“Maintaining a consistent bedtime and bedtime routine and improving the sleep environment can help. Sleep disruptions can increase the possibility that we will wake out of REM (rapid-eye-movement, or lighter-stage) sleep, so changes in our sleep environment like being in a hotel or moving to a new room can slightly increase the possibility that we experience nightmares,” Daley says. “It is important to think of sleep as a time of intense vulnerability, and recognize that our brain needs a firm sense of safety to allow us to sleep well. Think about the touch, sound and scent of your child’s sleep environment, and try to make these sensations as soothing as possible.”

Malia Jacobson is a nationally published health journalist and mom.


Kristin Daley, PhD, and Lisa Seropian, Psy.D., agree that improving your child’s sleep environment can help reduce nightmares. Here are five factors that can help make nights more soothing and less stressful.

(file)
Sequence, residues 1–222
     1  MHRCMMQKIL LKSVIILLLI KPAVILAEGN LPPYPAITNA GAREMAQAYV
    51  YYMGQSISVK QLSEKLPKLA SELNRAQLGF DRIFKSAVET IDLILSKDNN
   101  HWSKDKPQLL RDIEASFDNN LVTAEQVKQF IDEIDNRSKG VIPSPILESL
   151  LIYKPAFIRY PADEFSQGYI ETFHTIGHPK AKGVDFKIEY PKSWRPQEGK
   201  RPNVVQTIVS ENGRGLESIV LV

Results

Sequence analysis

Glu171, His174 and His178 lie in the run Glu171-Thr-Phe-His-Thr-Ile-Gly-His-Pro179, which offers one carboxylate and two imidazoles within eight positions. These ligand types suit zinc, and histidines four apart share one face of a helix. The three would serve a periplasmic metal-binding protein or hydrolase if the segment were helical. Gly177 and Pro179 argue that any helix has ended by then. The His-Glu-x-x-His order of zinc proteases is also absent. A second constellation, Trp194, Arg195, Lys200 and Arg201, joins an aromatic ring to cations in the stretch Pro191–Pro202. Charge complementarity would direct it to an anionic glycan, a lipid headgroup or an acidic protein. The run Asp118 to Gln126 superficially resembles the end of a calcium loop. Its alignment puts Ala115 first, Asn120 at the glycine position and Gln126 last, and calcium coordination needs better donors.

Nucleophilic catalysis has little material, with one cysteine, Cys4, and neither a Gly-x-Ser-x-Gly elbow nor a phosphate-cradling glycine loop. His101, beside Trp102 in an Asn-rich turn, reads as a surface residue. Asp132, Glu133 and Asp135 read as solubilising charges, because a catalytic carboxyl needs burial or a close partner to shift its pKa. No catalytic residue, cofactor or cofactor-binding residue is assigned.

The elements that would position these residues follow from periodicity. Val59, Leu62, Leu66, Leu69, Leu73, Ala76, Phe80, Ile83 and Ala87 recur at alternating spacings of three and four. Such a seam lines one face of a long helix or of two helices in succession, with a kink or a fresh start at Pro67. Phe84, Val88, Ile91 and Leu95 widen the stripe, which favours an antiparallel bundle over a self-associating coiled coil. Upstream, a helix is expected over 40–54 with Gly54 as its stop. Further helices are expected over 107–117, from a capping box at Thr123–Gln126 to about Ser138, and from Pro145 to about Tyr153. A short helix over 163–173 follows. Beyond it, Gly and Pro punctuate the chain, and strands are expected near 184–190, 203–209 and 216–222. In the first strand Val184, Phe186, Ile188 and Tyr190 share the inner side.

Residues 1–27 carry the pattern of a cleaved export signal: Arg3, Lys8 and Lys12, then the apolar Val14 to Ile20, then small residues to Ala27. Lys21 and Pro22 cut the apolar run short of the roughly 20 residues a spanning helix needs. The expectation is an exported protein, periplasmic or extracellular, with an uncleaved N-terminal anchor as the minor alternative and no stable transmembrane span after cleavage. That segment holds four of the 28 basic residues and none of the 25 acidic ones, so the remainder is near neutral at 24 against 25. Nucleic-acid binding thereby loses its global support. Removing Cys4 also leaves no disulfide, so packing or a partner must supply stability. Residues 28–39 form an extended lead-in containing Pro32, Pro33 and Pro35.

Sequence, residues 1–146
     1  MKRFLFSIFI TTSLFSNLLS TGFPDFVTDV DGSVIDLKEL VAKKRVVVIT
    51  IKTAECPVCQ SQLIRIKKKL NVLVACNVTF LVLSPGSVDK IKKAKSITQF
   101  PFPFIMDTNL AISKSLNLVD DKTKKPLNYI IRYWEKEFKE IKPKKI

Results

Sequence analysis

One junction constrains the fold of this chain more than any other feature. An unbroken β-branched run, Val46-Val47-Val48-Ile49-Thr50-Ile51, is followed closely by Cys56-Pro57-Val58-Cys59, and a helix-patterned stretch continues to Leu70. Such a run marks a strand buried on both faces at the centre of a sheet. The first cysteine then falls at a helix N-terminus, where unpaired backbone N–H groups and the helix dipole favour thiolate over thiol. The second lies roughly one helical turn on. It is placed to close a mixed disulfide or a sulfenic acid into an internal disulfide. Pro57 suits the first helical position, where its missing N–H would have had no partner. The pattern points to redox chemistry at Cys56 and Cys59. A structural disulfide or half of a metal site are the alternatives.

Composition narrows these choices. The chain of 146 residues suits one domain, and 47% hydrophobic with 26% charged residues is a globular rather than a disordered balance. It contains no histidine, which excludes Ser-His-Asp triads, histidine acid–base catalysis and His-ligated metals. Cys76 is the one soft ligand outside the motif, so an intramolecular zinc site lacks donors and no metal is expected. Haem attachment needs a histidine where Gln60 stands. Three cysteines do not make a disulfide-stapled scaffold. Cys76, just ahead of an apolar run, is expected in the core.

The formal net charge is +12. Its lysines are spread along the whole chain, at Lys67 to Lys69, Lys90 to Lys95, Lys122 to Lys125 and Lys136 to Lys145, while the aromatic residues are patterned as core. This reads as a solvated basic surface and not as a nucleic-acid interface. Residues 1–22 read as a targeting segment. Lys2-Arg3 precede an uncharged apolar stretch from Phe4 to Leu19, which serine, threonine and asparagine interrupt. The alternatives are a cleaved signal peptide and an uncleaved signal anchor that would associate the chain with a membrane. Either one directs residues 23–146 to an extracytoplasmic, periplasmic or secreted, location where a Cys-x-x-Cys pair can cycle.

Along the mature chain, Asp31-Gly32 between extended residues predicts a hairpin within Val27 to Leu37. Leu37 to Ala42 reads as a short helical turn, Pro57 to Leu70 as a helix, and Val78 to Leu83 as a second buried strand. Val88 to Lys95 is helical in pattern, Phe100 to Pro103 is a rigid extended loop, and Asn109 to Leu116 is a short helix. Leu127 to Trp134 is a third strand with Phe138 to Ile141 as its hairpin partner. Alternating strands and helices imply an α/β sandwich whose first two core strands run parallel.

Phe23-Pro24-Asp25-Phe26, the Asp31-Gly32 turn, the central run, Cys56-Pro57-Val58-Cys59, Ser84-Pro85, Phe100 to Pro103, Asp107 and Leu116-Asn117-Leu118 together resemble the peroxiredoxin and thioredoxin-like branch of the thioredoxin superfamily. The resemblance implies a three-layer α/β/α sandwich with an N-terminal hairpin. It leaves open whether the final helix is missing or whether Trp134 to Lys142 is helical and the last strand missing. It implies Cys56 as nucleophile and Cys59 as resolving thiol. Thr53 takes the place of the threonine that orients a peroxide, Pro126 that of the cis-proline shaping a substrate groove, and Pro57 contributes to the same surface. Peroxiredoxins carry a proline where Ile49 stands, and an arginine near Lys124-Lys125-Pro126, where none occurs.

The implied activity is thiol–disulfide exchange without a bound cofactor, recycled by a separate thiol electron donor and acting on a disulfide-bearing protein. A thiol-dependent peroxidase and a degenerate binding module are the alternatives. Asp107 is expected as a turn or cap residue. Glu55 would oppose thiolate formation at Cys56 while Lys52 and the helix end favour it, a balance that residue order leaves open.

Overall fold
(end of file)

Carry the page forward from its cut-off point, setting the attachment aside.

Temperature: Sleeping in a space that’s too warm can reduce sleep quality and increase the likelihood of nightmares. The ideal sleep temperature is between 65 and 68 degrees fahrenheit.

Light: Sleeping with nightlights or electronic devices in the bedroom can lead to the fitful, poor quality sleep that breeds night frights. Keep lights out of the bedroom and invest in blackout curtains.

Sound: A child’s sleeping space should be soothing and comforting. Intrusive, disruptive noises can pierce this calming atmosphere. If noise pollution interferes with sleep, consider a white noise machine or a soft fan to mask external sounds.

Familiarity: Sleep spaces that feel comforting and familiar can help children relax into a soothing slumber. When sleeping away from home, bring along elements that can increase your child’s feelings of safety, like blankets, stuffed animals or framed family photos.

Comfort: An uncomfortable mattress, pajamas that restrict movement or trap heat, or stiff, scratchy bedding can all inhibit relaxation and reduce sleep quality, which can make sleep disturbances like nightmares more likely. Find bedding and pajamas your child loves and encourage a tidy room — making the bed and maintaining a clean bedroom are proven to improve relaxation and sleep.